Megan Schmidt
MEGAN SCHMIDT/THE HOYA

Over the course of history, boycotts have been powerful instruments in catalyzing social change. Individuals and institutions have wielded such measures to dramatically express their disagreement with certain policies or practices.

But dramatics in the university sphere are not frequently the most productive way to rectify a situation, as the act of removing oneself from a dialogue runs counter to a main purpose of academia: fostering open and honest debate and education on the most pressing issues of our time.

The American Studies Association’s recent boycott of Israeli academic institutions — which has been signed by 13 Georgetown professors, a total that outnumbers the faculty of any other university in the United States — brings up questions of how an academic community can most effectively have an impact on another community’s policies.

In traditional boycotts, withholding one’s business deprives the subject of valuable cash flows, effectively putting financial pressure on the subject to change objectionable practices. In the world of academia, however, interactions between institutions are not in currency, but rather in ideas, arguments, opinions and discoveries.

Irrespective of any position one might hold on the contentious and complex Israeli-Palestinian conflict, any academic boycott — this one included — will prove to limit the flow of ideas.

For any academic who wishes to contribute to a peaceful resolution to any conflict, closing these channels of communication and dissent will only impede progress toward a diplomatic solution. This is especially true at Georgetown, where professors of international relations and the Middle East are sought-after experts in their fields, and have valuable contributions to make to any related discussion.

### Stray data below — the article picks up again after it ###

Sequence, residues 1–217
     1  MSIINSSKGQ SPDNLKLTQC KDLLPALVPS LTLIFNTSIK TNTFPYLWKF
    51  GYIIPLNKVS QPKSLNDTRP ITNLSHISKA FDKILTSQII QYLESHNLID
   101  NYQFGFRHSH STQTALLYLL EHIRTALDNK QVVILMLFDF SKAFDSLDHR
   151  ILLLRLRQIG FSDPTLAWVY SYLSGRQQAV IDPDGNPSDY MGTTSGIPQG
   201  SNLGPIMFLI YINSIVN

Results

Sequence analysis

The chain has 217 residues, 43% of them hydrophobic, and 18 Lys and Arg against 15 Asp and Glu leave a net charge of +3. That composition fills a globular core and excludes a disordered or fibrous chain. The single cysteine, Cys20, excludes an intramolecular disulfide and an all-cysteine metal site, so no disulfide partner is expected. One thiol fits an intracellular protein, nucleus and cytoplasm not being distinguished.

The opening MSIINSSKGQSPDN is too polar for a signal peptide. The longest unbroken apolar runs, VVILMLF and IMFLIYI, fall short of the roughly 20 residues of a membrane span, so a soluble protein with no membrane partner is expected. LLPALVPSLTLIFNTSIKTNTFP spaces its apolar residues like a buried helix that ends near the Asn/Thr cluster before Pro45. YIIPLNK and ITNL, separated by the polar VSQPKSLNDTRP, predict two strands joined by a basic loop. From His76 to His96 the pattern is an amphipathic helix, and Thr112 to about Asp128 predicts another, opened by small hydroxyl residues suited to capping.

While the American Studies Association’s petition makes clear that its intent is to increase attention and opposition to Israel’s violations of human rights in Palestine and to protest Israeli academic failure to intervene in these violations, this goal would likely be better served through communication of ideas and coalition-building. In respect to an issue like the Israeli-Palestinian conflict, where each side is already so entrenched and can often seem unwilling to hear other viewpoints, the importance of reasoned academic communication is redoubled.

The enduring, exhausting nature of the Israeli-Palestinian conflict makes it even more imperative that academics from all perspectives continue to have conversations about these issues. Cutting off dialogue in any environment only exacerbates already tense situations.

Silence will not lead to progress. Academia is a place for discussion, and that discussion should extend to all issues. Boycotts can lead to progress, but Israeli universities and their relationship to the Israeli-Palestinian conflict is a situation where they will not.

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One Comment

  1. The editorial board’s equivocation and insistence on the incomprehensibility of the “conflict” fails to take into account the clear power imbalances between occupier and occupied. More serious critics of the academic boycott at least acknowledge the imbalance. Noam Chomsky, for example, argues against the boycott by saying that it is not an effective strategy at present and does not further Palestinian freedom. He also asks if Israeli universities are boycotted because Israel violates human rights, “then why not boycott Harvard because of far greater violations by the US?” You could probably add Georgetown to that comment as well.

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